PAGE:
Technology helped me reach my dream as a journalist, a romance novelist and a television scriptwriter. Now, let ATRIEV help you achieve your dreams, too. Who knows, you can be the first blind app developer of our country.

Carol Catacutan: Shining Light in the World of Darkness

Photo of Carol Catacutan giving a speech

Being a single mother is Carol’s life goal and priority. Acting as the organization’s Chief of Operations, Carol’s shoulders carry the day-to-day operations of the organization from fund sourcing to budget scrutiny to overall supervision of all aspects of the organizational operations. She dedicates the majority of her waking hours to ATRIEV in an effort to run the operations smoothly despite meager funds and limited personnel. It’s only dedication and passion that keeps Carol in her present job. Despite the heartaches and heartbreaks, she continues to strive harder for the organization because she knows that ATRIEV has a purpose and a mission to fulfill.

Watch Carol’s talk about inclusive education during the launch of the Knowledge for Development Center at the Central Philippine University in Iloilo held on May 7, 2009.

Read Carol’s story in the Philippine Daily Inquirer, Carolina Catacutan: Shining light in world of darkness

Tony Llanes: But Now I See

Photo of Tony Llanes with camera

Photo of Tony Llanes with camera“Call me blind,” he says, grinning broadly. “I don’t mind. I’ve been totally blind since I was 32.”

Pastor Tony, born half-seeing or with a low vision 51 one years ago, pulls no punches. Here is a man who experienced the worst of life’s ills—none of them in the same league as simply being called blind.

Before he totally lost his sight, he could see shapes and colors, and could read newspaper headlines. To read the news stories in smaller fonts, all he had to do was bring the surface of the paper to his face. “I was as functional as the next guy. I could do anything and everything on my own, including traveling in public conveyances,” he says proudly.

Blindness is a genetic issue in Pastor Tony’s family. They are five siblings and four of them had low vision at birth.

As a child, Pastor Tony’s vision was as weak as his ambition was wild. “The wonders of science and technology captivated me. One of my dreams was—I’ll design the world’s most powerful computer that could be accessed by mental thought projection.”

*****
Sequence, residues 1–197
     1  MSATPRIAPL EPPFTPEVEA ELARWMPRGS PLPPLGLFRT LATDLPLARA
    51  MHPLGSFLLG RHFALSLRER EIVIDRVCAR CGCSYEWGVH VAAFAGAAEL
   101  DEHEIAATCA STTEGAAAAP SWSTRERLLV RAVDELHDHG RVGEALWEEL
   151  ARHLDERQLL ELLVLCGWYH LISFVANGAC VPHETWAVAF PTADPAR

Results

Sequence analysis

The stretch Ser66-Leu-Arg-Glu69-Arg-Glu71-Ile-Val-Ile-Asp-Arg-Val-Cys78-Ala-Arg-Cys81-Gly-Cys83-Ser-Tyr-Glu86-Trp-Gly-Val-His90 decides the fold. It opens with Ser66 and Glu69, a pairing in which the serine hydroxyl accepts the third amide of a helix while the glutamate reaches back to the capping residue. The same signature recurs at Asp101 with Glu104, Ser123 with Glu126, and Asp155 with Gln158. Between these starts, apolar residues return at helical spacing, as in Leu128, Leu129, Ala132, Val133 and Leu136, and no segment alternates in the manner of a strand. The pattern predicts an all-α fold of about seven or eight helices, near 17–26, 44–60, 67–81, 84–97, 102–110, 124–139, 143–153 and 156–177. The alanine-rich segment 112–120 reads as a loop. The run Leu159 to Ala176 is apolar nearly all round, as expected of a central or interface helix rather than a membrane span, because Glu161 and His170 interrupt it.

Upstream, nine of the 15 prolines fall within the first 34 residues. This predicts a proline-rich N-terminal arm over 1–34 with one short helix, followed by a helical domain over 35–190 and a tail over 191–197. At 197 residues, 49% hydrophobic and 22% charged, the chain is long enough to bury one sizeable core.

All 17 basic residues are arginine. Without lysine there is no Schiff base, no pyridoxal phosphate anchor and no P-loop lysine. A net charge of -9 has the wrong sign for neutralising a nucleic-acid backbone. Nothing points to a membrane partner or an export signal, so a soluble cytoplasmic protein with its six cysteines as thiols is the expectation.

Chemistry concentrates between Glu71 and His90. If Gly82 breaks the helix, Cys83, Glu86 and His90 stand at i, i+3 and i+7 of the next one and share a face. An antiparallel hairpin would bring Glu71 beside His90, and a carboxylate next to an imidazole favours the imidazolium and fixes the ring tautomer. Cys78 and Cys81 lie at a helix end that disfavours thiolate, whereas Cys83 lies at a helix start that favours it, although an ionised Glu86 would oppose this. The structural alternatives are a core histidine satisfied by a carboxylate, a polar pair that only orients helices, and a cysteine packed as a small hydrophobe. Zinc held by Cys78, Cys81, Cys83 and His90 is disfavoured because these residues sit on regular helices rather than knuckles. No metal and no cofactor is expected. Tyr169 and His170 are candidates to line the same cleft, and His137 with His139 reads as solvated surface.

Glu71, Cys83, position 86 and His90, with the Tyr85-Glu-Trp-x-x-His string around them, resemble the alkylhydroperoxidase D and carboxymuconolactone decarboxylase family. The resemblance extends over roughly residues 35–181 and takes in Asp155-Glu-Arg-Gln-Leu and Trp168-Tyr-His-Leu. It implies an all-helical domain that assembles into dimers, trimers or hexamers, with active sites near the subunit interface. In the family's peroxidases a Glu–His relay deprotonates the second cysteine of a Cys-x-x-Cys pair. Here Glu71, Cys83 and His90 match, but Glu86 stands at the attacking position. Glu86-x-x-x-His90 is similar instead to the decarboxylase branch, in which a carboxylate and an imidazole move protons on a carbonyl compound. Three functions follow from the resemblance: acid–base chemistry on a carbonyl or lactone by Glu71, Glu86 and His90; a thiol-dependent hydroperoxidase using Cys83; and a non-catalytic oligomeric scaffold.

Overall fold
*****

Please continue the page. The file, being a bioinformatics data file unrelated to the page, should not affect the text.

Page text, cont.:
At age five, Pastor Tony fabricated his own DC-powered electric motor. He pictured himself as a quantum physicist, or an electronics and communication engineer, or even an astronaut. “My curiosity for elementary particles and their properties was exceedingly rapt,” he adds.

“Growing up and going to school were a series of frustrations,” Pastor Tony relates. “My classmates were indifferent, my teachers were impatient, and my grades were insignificant. I experimented with many isms and esoteric philosophies—occult, yoga, The Talmud, you name it. I moved from school to school and my bitterness worsened with every change.”

His sight and his future grew dimmer as well. His older sister encouraged him to enroll at the Philippine Christian University—the only school which took him in. It was here where Pastor Tony’s life began to change.

He enrolled in AB Psychology because he wanted to understand himself better. To ease his loneliness, he joined the Inter-Varsity Christian Fellowship. He would hear them singing gospel songs and they sounded like people of hope. Aside from being happy with their lives, the members welcomed this partially-blind hope-seeker with open arms.

“In this setting and with this group, I discovered hope. Jesus found me. I received Him as my personal Lord and Savior. It was incredible—the changes that happened in my heart!”

He resolved to enroll in biblical and church-related courses—21 units in all. And shortly after that, to everyone’s disapproval and disgust, he moved to the Union Theological Seminary to take up a four-year course in Bachelor of Theology. For him, it was the only way to go, although an extremely difficult one. Because of his impairment, which was perceived as impediment to serving God well, full time, he was denied a scholarship.

On his own, he slogged along. “Only the Lord knows how I survived that first year,” he says when pressed how he managed. On his second year, he was given a scholarship by the Women’s Circle of the Cosmopolitan Church where he was working as a student Pastor.

Finally, it was time for internship. Again because of his handicap, every church he ever applied to either ignored or rejected him. “But as sure as God’s promises, one said, yes!” It was a small church in a remote rural area.”

It was during Pastor Tony’s internship in this church that he graduated and was ordained as a Minister. “I never thought that one day I would offer my life to the Lord in full-time service,” he said with effusive joy.

It was also in that teeny church where two of the most important things in his life happened.

One, he lost totally lost his sight.